Mr. Li invited us to share a meal at his home on the first night of our visit to the city as well as on the last. His wife cooked a wonderful homemade meal with plenty of dumplings and enough freshly made food to set the standards impossibly high for the five-star hotels and restaurants that were to follow during the course of the trip. Her dumplings became the stuff of legend for the adults on the trip. For the children, they were simply stuffing. Mr. and Mrs. Li would both refill the kids’ bowls with more and more dumplings and delightedly watch them eat, then offer them “one more.” While the adults were trying to be respectable in their use of chopsticks since there were no spoons or forks in the house, my oldest daughter used chopsticks with ease. This fact was not lost on Mr. Li, who was quite pleased about her expert skill.
Following our feast, we sat down with Mr. Li and learned more about the vague expanse of eleven months prior to my daughter’s arrival into our home. We learned that she was a quiet baby during her stay at the orphanage. Mr. Li threw back his head and chuckled as he pointed out the high contrast to what he saw now as my oldest, her younger sister and a four-year old child visiting their home that evening raced through the apartment living room. At that moment it looked like she was hatching some inspired scheme on behalf of her younger sister and the other child. She was the instigator and collaborator for creating much noise; we all appreciated the irony of his description of her as a young baby.
On the final night of our visit, which included a farewell dinner at their home again after we shared some gifts from America and received a gift of chopsticks from the Li’s, we learned that the four-year old girl visiting in their apartment was in fact a child from the orphanage. She had recently sought medical treatment in the city and was staying at their apartment for a few days until practicality required her to return to the orphanage. This director’s practice was to bring kids into their home when feasible. Mr. and Mrs. Li taught the orphanage children to call them Mama and Baba. He also gave each child at the orphanage his surname. He explained that this was done purposely so that orphanage youngsters would be equipped to handle the dynamics of the school yard and would be prepared when a friend asked about the child’s mom and dad. The child could truthfully answer with Mr. and Mrs. Li’s names. As we departed the apartment that evening, he expressed his wish that this “family” of international children placed all over the world would someday have the ability to reconnect in meaningful ways.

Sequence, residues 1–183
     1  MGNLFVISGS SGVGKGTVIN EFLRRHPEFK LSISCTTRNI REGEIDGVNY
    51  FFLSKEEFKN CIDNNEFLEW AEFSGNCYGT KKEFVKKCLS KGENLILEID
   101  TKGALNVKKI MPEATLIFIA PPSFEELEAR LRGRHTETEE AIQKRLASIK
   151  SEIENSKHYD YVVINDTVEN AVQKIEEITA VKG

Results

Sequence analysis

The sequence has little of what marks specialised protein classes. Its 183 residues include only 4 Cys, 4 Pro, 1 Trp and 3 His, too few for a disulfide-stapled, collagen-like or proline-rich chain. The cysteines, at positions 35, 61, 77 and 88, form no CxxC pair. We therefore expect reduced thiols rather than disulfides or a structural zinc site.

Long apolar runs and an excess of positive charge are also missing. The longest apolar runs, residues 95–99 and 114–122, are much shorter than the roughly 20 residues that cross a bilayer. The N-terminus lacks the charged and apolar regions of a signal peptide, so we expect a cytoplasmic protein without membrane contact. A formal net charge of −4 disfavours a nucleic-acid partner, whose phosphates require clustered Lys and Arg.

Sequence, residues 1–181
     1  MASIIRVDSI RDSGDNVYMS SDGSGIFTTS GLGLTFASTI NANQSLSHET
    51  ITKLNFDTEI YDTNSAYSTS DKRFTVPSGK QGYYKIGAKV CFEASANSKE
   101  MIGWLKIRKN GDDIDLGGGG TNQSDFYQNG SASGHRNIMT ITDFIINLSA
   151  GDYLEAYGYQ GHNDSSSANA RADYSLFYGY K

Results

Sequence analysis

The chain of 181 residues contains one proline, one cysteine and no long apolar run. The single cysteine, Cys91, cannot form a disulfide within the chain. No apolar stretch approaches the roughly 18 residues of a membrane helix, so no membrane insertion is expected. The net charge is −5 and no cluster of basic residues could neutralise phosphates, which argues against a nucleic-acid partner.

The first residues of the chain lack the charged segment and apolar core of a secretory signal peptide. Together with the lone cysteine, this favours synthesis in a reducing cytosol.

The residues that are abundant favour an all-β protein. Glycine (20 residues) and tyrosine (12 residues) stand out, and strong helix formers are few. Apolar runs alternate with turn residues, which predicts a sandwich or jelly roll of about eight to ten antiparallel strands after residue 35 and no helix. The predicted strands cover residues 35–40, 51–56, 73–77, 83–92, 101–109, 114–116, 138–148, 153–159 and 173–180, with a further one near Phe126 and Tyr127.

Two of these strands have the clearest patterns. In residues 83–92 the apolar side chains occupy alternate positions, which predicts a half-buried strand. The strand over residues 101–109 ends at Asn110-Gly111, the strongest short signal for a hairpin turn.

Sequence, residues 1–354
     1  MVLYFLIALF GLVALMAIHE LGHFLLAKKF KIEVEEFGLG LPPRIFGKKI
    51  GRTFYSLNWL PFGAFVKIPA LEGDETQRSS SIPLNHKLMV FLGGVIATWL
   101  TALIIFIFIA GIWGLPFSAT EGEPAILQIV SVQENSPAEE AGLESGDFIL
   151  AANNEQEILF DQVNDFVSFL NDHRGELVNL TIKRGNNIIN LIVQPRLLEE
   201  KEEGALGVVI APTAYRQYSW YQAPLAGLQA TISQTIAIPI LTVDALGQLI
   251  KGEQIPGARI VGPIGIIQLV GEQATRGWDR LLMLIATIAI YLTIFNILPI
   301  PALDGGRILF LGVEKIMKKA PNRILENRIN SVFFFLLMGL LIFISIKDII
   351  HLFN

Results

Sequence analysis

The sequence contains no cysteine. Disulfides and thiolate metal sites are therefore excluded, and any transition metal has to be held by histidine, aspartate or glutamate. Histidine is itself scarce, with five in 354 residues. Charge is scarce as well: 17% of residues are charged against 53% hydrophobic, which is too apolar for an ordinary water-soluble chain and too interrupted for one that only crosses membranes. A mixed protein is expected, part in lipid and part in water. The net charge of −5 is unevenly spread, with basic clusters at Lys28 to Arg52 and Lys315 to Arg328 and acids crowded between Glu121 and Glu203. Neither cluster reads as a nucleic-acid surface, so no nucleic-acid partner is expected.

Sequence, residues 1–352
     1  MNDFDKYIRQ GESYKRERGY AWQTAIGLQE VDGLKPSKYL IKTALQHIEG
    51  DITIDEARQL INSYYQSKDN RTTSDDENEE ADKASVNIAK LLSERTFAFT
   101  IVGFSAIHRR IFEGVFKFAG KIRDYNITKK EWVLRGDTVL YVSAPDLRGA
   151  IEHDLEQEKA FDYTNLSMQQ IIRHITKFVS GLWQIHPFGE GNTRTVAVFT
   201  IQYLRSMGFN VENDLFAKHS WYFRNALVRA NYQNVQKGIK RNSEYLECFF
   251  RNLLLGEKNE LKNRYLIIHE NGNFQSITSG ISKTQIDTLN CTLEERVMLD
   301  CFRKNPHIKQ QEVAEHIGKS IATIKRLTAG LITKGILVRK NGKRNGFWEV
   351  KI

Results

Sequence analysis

In the days between our wonderful visits to his home, we learned of Mr. Li’s involvement in our daughter’s life within hours of her abandonment. He shared details which resolved some discrepancies in her paperwork. He gave us specific insights and incredible information about my daughter’s early days – a gripping piece of our family history told to us by this kind gentleman who oversaw her care for most of her first year of life. Mr. Li also brought us to her finding site, where she picked up some rocks, with some moments of quiet reflection for Mom.
The next stop on our trip was my younger daughter’s province and hometown area. There we were able to visit her foster mom on a day trip outside of the main city. My younger daughter had spent all of her time with one devoted foster mommy who, admittedly, did not put the child down except for a few moments each day.